Istratescu,Andrei (2624) - Bates,Richard A (2383) [E85]

Hastings Masters  (2.2), 29.12.2009

1.c4 g6 2.Nc3 Bg7 3.d4 Nf6 4.e4 d6 5.f3 0-0 6.Be3 e5 7.Nge2 Nbd7 8.Qd2 Nb6 9.b3 exd4 10.Nxd4 a5 11.Be2 a4 12.0-0 Re8 13.Rad1 axb3 14.axb3 c6 15.Nc2 Nfd7 16.Bd4 Bf8 17.f4 d5 18.cxd5 cxd5 19.Bb5 dxe4 20.f5

20...Nc5?? Black's passive play has already landed him in great trouble, but this loses at once. 21.fxg6 hxg6 22.Qf2 1-0

Other favourites who won included Edouard, Howell and Hebden, but the most exciting game of the day was probably the clash between Simon Williams and the fast-improving Jonathan Hawkins.

Hawkins,Jonathan (2383) - Williams,Simon K (2550) [A40]

Hastings Masters  (2.5), 29.12.2009

1.d4 e6 2.c4 b6 3.e4 Bb7 4.Bd3 Bb4+ 5.Bd2 Bxd2+ 6.Nxd2 Nc6 7.Ngf3 Qf6 8.e5 Qf4 9.g3 Qh6 10.0-0 g5 11.Ne4 g4 12.Nh4 f5 13.exf6 Nxf6 14.Nxf6+ Qxf6 15.Be4 0-0-0 16.Bxc6 dxc6 17.Qxg4 Rxd4 18.Qf3

18...Qg7?!

Objectively, Black should probably exchange queens and take on c4, but Simon characteristically prefers to attack. His intended exchange sacrifice looks very dangerous for White, but as the computer demonstrates, Black's threats down the long diagonal are illusory. Apart from one lapse, Jonathan Hawkins' play in the rest of the game is extremely impressive, and a fine example of Corporal Jones' motto: "Don't panic!". 19.Qc3 c5 20.Nf3 Rf8 21.Nxd4 cxd4 22.Qa3 Rf3 23.Qxa7? This should lose to 23...Qd7!, when the threat of 24...Qc6 is decisive. 24...Qg4? Missing his chance. 24...Qh3 is a big threat, but the black king has his own problems, as the sequel shows. 24.Qa4 Kd8 25.Qd1 Qe4 26.Qd2 Kc8 Both here and later, a key point is that the apparently crushing 26...Rd3 is met by 27.f3. 27.h4 h6 28.b4 e5 29.a4 Qc6 30.b5 Qxc4 31.Qxh6 Qd5 32.Qh8+ Kd7 33.Qg7+ Kd6 34.Qg6+ Kc5 35.Kh2 Rd3 36.Rg1 Qf3 37.Qe6 Qxf2+ 38.Kh3 Rc3 39.Rab1 Qf8 40.Qxe5+ Kc4 41.Qxc7+ Qc5 42.Qxc5+ bxc5 43.Rbc1 d3 44.Rxc3+ Kxc3 45.h5 1-0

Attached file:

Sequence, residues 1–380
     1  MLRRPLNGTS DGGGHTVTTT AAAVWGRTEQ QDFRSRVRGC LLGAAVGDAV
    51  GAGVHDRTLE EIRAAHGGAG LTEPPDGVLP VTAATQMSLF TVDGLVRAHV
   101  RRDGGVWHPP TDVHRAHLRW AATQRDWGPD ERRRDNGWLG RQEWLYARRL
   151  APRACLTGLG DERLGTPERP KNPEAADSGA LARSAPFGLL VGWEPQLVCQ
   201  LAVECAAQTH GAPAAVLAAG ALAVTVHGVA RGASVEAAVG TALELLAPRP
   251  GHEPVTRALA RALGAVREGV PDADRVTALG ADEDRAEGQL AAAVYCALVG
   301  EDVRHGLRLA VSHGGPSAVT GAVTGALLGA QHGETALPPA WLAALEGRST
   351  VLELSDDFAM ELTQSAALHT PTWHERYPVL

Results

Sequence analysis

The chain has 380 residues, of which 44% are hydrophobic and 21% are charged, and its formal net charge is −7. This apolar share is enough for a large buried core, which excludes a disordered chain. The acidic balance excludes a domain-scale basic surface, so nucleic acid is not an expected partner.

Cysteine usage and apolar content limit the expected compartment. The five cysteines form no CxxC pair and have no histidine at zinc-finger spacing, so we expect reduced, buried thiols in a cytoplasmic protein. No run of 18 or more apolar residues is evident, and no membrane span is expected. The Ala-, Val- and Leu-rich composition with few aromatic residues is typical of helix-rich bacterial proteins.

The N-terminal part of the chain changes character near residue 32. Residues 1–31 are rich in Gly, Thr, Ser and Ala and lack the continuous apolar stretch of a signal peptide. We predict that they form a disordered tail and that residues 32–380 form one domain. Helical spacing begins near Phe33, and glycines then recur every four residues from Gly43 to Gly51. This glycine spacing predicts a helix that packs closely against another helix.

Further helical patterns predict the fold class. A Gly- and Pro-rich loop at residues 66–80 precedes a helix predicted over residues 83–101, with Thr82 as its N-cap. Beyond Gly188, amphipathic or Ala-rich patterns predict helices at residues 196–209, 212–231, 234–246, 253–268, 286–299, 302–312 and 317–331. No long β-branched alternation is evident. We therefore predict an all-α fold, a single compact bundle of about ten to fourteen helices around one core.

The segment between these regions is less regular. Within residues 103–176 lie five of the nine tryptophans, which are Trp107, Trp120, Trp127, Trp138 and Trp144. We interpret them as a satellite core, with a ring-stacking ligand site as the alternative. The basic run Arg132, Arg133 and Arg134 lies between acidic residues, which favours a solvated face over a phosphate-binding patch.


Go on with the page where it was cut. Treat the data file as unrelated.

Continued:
Finally, there was a shock on board  8, where the arbiters' evil intentions of eliminating the last 100% scores in the bottom half of the draw were thwarted by Martin Mitchell. His victory resulted when his IM opponent, Sam Collins, forgot Nunn's First Law of Tactics, which states that "Loose bits drop off" (no, I don't know what it is in Latin...). I presume that Collins was aware of this dictum, and had just forgotten it, although even if he had not come across it before, ignorantia legis neminem excusat, as Fred Reinfeld used to say. The punishment was swift, and after just 30 minutes' play, Collins was already lost:

Mitchell,Martin (2195) - Collins,Sam E (2431) [A40]

Hastings Masters (2.9), 29.12.2009

1.d4 e6 2.c4 b6 3.Nc3 Bb7 4.a3 f5 5.d5 Nf6 6.g3 Be7 7.Bg2 0-0 8.Nh3 a5 9.0-0

An innocuous-looking developing move, but containing a small threat...

9...Na6??

Which Black misses...

10.d6!

Oops. The undefended prelate on b7 is what is known in Nunnspeak as a loose bit, and now it duly drops off.

10...Bxg2 11.dxe7 Qxe7 12.Kxg2 Qc5 13.b3 d5 14.Be3 Qc6 15.cxd5 exd5 16.Bd4 Rad8 17.Rc1 Qb7 18.Nf4 c5 19.Bxf6 d4+ 20.e4 gxf6 21.Ne6 dxc3 22.Nxd8 Qa8 23.Qf3 Qxd8 24.Rfd1 Qc8 25.Qxf5 Qxf5 26.exf5 c4 27.Rxc3 Nc5 28.Rxc4 Nxb3 29.Rc6 Rb8 30.Rdd6 1-0